Predictive analytics is widely regarded as the new future in analytics reporting. By using data combined with statistics, modeling, and algorithms to forecast potential outcomes, predictive analytics lays out a path for expected consumer activity. Using predictive analytics can help you determine where to best invest your marketing budget and what audience to focus on, based on prior activity. For example, retailers will often rely on predictive analytics to anticipate inventory demands. Airlines use predictive analytics to determine ticket prices, based on prior travel trends. Predictive models help businesses attract and retain their most valuable customers. 

While there are many uncertainties as we adapt to the new digital privacy standards, one thing is certain – a nuanced look at your digital marketing data will be needed to give your company the best footing moving forward. Drawing on several data points, EveryDayta [link to about us] provides a comprehensive measure of your website performance and social engagement. We break down what is working, and what isn’t, in ways that are easy to understand so you can change gears or stay the course as needed. Contact us today [link to contact us] to schedule a consultation.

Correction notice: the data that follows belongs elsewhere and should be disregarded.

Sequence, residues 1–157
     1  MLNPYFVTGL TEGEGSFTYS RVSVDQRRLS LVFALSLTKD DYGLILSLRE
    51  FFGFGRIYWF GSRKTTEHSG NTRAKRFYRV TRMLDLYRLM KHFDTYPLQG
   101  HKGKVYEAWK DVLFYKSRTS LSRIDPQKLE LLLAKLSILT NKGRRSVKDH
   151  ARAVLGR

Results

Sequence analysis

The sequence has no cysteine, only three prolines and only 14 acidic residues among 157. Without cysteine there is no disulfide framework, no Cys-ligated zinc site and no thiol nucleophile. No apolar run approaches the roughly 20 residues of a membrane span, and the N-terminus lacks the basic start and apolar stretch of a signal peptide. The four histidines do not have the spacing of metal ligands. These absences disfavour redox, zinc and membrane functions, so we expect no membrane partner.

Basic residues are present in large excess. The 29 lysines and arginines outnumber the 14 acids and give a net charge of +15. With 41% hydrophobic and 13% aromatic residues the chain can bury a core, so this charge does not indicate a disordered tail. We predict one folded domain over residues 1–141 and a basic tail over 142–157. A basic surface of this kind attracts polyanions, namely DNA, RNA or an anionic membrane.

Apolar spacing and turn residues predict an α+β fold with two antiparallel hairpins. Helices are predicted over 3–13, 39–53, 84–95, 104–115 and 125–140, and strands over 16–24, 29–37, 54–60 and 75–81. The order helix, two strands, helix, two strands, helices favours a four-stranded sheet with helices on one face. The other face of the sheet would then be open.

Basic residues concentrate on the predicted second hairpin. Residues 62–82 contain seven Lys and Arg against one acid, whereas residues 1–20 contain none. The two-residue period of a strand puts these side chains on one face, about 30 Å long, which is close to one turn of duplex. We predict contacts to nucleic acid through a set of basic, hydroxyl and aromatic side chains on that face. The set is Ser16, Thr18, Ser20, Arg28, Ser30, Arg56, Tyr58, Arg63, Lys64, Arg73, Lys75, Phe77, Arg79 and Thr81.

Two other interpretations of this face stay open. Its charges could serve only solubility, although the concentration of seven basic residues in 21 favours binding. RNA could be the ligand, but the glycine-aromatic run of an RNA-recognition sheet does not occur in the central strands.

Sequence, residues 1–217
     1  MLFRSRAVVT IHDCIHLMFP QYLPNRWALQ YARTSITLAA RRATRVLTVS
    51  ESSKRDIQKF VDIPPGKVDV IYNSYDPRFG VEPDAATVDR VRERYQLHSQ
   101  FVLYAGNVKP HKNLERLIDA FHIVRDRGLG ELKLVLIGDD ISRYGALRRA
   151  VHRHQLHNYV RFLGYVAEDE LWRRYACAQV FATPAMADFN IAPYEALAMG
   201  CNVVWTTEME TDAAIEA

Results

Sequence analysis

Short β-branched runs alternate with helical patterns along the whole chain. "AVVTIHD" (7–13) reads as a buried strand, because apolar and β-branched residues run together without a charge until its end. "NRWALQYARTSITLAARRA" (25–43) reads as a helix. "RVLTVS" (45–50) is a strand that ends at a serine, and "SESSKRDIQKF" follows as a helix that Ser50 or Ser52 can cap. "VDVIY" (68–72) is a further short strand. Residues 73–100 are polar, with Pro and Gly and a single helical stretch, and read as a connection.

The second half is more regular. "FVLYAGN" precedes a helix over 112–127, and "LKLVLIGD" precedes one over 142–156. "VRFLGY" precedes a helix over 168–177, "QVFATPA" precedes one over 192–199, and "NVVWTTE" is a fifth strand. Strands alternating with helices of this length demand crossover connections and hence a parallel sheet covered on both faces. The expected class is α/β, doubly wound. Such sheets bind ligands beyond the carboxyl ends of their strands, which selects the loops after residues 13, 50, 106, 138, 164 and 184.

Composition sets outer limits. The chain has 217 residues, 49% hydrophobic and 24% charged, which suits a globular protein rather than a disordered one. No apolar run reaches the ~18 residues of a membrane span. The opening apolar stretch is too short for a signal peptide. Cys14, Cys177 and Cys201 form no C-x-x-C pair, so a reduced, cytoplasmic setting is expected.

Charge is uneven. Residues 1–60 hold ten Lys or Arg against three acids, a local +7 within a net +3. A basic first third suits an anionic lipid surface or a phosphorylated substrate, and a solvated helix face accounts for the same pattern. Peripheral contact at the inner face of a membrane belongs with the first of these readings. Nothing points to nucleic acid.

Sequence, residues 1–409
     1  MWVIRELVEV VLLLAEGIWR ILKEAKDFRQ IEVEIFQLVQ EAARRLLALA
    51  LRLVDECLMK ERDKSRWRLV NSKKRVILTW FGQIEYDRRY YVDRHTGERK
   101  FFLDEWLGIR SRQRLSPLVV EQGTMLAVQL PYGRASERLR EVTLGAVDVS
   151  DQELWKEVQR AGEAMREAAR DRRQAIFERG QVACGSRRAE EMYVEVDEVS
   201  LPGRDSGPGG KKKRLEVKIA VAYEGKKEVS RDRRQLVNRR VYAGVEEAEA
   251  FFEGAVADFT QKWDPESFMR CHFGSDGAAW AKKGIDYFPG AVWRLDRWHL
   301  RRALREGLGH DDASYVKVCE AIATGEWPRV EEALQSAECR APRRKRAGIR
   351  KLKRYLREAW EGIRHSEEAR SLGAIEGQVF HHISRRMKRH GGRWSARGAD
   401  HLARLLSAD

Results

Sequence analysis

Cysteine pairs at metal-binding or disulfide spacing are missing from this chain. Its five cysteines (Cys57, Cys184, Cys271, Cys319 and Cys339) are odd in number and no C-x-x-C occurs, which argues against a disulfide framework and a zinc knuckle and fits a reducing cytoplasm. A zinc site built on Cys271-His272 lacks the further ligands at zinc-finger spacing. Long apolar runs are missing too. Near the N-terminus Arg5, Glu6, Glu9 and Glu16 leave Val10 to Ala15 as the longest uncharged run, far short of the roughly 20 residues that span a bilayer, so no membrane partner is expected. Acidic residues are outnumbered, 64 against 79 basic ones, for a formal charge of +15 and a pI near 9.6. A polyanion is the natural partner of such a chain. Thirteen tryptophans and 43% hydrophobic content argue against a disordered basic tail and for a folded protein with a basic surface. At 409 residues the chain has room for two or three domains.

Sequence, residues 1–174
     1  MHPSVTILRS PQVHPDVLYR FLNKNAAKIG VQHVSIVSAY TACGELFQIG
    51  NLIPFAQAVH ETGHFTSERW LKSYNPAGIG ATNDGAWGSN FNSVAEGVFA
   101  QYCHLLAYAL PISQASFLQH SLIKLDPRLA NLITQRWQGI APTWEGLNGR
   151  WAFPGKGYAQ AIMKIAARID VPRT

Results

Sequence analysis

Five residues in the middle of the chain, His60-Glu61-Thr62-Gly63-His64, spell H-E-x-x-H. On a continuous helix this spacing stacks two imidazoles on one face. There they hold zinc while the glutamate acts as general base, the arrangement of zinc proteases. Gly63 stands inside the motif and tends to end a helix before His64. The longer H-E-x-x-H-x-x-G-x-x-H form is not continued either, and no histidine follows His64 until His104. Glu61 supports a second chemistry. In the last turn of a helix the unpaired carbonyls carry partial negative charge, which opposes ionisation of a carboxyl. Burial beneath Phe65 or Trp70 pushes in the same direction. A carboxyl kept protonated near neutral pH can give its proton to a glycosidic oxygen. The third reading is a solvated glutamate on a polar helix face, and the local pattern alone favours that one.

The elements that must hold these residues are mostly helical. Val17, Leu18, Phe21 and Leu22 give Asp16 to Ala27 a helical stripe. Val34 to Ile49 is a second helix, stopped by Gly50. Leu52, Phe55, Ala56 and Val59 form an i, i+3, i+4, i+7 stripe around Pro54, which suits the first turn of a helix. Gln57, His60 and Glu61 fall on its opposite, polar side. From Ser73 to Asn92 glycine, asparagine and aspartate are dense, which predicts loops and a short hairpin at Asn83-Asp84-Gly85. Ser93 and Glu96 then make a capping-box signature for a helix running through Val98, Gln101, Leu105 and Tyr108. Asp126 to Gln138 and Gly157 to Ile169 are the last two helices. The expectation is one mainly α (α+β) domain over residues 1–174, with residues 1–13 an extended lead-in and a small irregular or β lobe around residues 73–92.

“A Practical Guide to the European Union’s GDPR for American Businesses” – Nancy Harris, Vox

“California Rings in the New Year with a New Data Privacy Law” – Rachel Myrow, NPR

“ePrivacy: An Overview of Europe’s Other Big Privacy Rule Change” – Natasha Lomas, TechCrunch

“GDPR Explained” –

“Predictive Analytics: What It is and Why It Matters” — SAS

“The Must-Know Guide to the EU Cookie Directive” – Elizabeth C., PrivacyPolicy

“The Ultimate Guide to Cookie Laws” – Noah Ramirez, OSANO

“Ultimate Guide to EU Cookie Laws” — PrivacyPolicies

“What is Predictive Analytics? Transforming Data into Future Insights” – John Edwards, CIO